Word on the Street: Urlacher fined; gingerbread Cubs

Word on the Street: Urlacher fined; gingerbread Cubs

Friday, Dec. 24, 2010
CSNChicago.com

Cubs on losing end of gingerbread game

In 1965, Los Angeles Dodgers pitcher Sandy Koufax threw a perfect game against the Chicago Cubs. Now, 45 years later, a group of Koufax admirers in Toronto chose to pay tribute to the historic event. And given the holiday season, decided to do so by building a gingerbread stadium and players.

The project began in August and required 20 pounds of sugar and nearly 10 pounds of flour to complete. The stadium is 30 by 40 inches complete with concession stand, scoreboard, players and fans. The human imitations are made of Gummy Bears and chocolate Santas. (thestar.com)
Rose, Bulls excited to be featured on Christmas

While one NBA superstar, LeBron James, was critical of the NBA for scheduling Christmas Day games while other sports take the holiday off, the Bulls are grateful to be playing on the holiday.

"I'm going to miss my family, and I hate being away from home," Derrick Rose said, "but this is my job and it's an honor to be playing on Christmas. People will see us all around the world. And we're playing in like the best arena in the league."

The Bulls have not played on Christmas since winning, 90-80, over the Miami Heat at the United Center back in 1997.

"It's for the fans," Carlos Boozer said. "We take great pride in being one of the teams that's featured." (chicagobreakingsports.com)

NFL fines Urlacher 10,000

Bears linebacker Brian Urlacher was fined 10,000 for hitting a defenseless receiver in the headneck area during Monday night's game vs. the Vikings in Minnesota.

Urlacher hit Vikings tight end Visanthe Shiancoe too high during the Bears 40-14 victory and the league noted that it was his second offense this season.

In addition, safety Major Wright was fined 10,000 for leading with his helmet against Vikings QB Joe Webb and Minnesota defensive tackle Kevin Williams received a 7,500 fine for a late hit on Jay Cutler. (chicagobreakingsports.com)

New York Jets QB Mark Sanchez will start vs. Bears...

...barring any late setbacks to his right shoulder. Sanchez has a slight cartilage tear in his throwing shoulder but took all of the first-team snaps in practice Friday. While Sanchez was confident he would start all week, Jets head coach Rex Ryan wasn't exactly sure on Thursday.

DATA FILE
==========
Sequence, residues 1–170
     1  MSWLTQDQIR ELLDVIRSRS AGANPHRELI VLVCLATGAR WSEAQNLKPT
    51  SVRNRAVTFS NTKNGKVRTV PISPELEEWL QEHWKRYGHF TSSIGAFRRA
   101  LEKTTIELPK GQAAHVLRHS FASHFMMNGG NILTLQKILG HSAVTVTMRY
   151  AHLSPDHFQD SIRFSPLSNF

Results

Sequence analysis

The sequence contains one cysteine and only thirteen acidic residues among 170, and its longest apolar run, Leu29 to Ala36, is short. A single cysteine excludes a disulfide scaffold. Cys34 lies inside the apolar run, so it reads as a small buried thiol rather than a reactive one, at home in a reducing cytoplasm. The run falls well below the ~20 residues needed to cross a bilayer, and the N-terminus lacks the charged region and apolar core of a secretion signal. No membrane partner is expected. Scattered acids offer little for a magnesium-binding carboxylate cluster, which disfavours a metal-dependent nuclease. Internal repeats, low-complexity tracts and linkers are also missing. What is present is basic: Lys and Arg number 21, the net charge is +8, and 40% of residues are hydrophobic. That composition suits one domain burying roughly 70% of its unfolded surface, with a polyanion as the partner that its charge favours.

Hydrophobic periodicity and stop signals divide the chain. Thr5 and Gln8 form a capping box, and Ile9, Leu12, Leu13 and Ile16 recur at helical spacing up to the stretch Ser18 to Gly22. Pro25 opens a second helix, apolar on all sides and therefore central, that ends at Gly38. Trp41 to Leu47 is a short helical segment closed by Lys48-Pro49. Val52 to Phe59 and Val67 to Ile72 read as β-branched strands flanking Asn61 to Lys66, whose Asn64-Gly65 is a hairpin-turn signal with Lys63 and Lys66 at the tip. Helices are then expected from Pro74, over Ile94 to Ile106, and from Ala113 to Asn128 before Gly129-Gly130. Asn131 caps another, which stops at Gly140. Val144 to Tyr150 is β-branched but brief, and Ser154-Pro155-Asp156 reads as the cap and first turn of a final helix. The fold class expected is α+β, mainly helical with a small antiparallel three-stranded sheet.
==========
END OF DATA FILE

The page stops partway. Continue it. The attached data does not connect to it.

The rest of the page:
Of course, if Brett Favre can go from being listed as "out" on the injury report roughly five hours before kickoff to starting the game, anything is possible.

If Sanchez cannot play, veteran lefty Mark Brunell would start in his place. (nydailynews.com)

Clausen already out in Carolina?

Former Notre Dame and current Panthers quarterback is 1-8 as a starter in his rookie season and shows no signs of improvement as his first NFL campaign winds down. In Thursday night's 27-3 loss to the Pittsburgh Steelers, Clausen went 10 of 23 for 72 yards with one interception and a passing rating of 33.2.

The Panthers will have one of the top-3 picks in the NFL Draft and a quarterback such as Stanford's Andrew Luck or Washington's Jake Locker might be too good to pass up. This certainly isn't the way Clausen and many Fighting Irish fans envisioned his career starting. (chicagobreakingsports.com)

Wake-up Call: Miggy gets the boot; Rodon's rocky debut; More bad news for Cubs?

miguel_montero_cubbies.jpg
AP

Wake-up Call: Miggy gets the boot; Rodon's rocky debut; More bad news for Cubs?

Where it all went wrong for Cubs and Miguel Montero

White Sox willing to overlook 'rough' patches as healthy Carlos Rodon returns

Kris Bryant’s sprained ankle is more bad news for Cubs: ‘You can’t cry about it’

Can Leonard Floyd break out in 2017? The Bears like the early signs

Blackhawks Talk Podcast: What's next for Blackhawks as free agency looms?

Preview: Cubs wrap up series with Nationals today on CSN

Preview: White Sox host Yankees tonight on CSN

Bulls Talk Podcast: An NBA gone wild and Zach LaVine sit down interview

How Rick Renteria has tried to help White Sox players combat travel fatigue